After farming in the early years of his marriage, Ed entered the oil business in Red River Parish, becoming a lease lender of an oil field. By the time of his parents’ death, he had moved his family to Jefferson, Texas, where he continued his work in the oil business. 

John Wesley Lindsey, wife Helen Lillie Rushing Lindsey, and son Archie, about 1920
Helen Lillie Rushing Lindsey and son Archie, 1916, photo shared by from Garnet Lindsey Rhodes

5. John Wesley Lindsey was born 20 March 1885 in Red River Parish, and died 21 April 1922 at Haynesville in Claiborne Parish. On 14 August 1915 in Red River Parish, he married Helen Lillie Rushing, daughter of Joseph Rushing and Deborah Minnie Johnson. John is buried at Old Armistead Chapel Methodist cemetery near Coushatta. The couple had three sons.

As the previous posting notes, John was killed as a young man in a work-related accident. A newspaper clipping I have providing details of his death (the source is not identified) states that he was working for Gilliland Oil Company, and while he was erecting an oil derrick at the Goodwin lease at Haynesville, a piece of lumber fell, crushing his skull and causing his immediate death. Following John’s untimely death, his widow Helen lived with her sons at Shreveport and then remarried in 1935 to Leonidas Weaver Moore.

As a number of previous postings about this Lindsey family have indicated, the name John Wesley was frequently given to sons in this family, which had been a Methodist family from the time Alex C. Lindsey’s grandfather Dennis Lindsey and his father Mark lived in Wayne County, Kentucky, in the early 1800s before moving to Lawrence and Morgan Counties, Alabama, before 1820. Mark named a son Fielding Wesley Lindsey, and Mark’s son Dennis named a son John Wesley Lindsey. Late in his life, the latter John Wesley Lindsey moved to Louisiana to join his siblings Mark Jefferson Lindsey, Margaret Lindsey Hunter, and Frances Rebecca Kellogg Lindsey there, and he then married Mary Ann Nobles, the widow Wester, in 1878 in Red River Parish and settled with her at Marthaville in Natchitoches Parish, where he died in 1903. Alex C. Lindsey’s son John Wesley Lindsey is probably named for his uncle of that name, and would also likely have been given this name because Alex and wife Mollie were devout Methodists.

Benjamin Dennis Lindsey and Vallie Snead Lindsey, 1916, Coushatta
Sons of Alexander Cobb Lindsey and Mary Ann Green, late 1960s (possibly July 1966 when Robert died, and before July 1969 when Bloomer died): l-r — Clarence (“Doc”), Dennis, Bloomer, Sam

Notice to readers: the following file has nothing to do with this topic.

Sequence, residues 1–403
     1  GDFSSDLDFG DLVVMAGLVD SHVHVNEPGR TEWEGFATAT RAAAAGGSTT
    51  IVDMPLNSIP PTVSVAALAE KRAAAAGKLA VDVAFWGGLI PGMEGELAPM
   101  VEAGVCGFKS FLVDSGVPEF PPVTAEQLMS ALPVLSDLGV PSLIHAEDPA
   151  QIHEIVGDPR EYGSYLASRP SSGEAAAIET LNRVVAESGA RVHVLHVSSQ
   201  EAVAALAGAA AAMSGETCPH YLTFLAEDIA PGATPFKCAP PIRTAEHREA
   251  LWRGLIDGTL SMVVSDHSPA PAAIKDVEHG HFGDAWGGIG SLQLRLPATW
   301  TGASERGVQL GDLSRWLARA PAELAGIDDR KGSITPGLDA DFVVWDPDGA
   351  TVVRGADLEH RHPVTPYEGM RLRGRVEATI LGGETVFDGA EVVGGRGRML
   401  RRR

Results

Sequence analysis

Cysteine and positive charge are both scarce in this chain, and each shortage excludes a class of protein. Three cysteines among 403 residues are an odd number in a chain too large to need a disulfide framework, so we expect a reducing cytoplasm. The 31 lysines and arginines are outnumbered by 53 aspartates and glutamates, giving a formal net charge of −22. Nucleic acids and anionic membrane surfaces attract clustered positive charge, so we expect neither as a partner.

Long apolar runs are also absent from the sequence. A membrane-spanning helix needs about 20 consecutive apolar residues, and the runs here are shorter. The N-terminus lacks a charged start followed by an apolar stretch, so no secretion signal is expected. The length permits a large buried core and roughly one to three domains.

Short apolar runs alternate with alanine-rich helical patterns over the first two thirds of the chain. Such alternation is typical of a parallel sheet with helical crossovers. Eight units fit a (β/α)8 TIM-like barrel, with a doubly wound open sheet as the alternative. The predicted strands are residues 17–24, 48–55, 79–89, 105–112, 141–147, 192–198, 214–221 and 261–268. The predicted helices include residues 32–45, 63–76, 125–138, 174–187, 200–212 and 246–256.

Children of Benj. Dennis and Vallie Snead Lindsey, late 1940s; l-r — Carlton, Helen Blanche and husband Lee Hawkins Compere, B.D.

6. Benjamin Dennis Lindsey was born 12 April 1887 in Red River Parish, according to the birth entry his father Alex recorded for him in Alex and Mollie’s family bible. Dennis reported the same date of birth in his World War I draft registration filing. But the date of birth his widow Vallie reported at the time of his death, which appears on his death certificate, is 12 April 1890, and that date is inscribed on his tombstone.

I’m pretty sure I know why my grandmother Vallie Snead Lindsey shaved three years from her husband’s age when he died: throughout her adult life, she was horrified at the thought of anyone knowing her actual age, and she persistently cut years from her actual date of birth as recorded in her parents’ bible when she reported it on most any form. Ask her what her age was, and she’d draw herself up and state emphatically, “A lady does not disclose her age.” I can recall my grandfather saying, “Vallie has lied so much about her age, she don’t really know what it is.” (She was born 9 March 1892, according to her parents’ bible.)

I’m confident the birthdate Dennis’ father Alex recorded in his family bible, and which Dennis reported when he filed his World War I draft registration, is correct. Further corroboration that my grandmother likely deliberately fudged her husband’s age for his death certificate: in their latter years in El Dorado, Arkansas, he enjoyed very much going to the Senior Citizens’ Club weekly for lunch, domino playing, and socializing. Wild horses could not have dragged Vallie there, because, good Lord, senior citizen! She fumed about his going, suspecting lots of the town’s widows were flirting with him there and he was enjoying it (and he did have an eye for nice-looking women, it must be admitted).

Birthday celebration for Benjamin Dennis Lindsey and friend at Senior Citizens’ Club, El Dorado, Arkansas, from El Dorado Times, 30 April 1965, p. 6, col. 2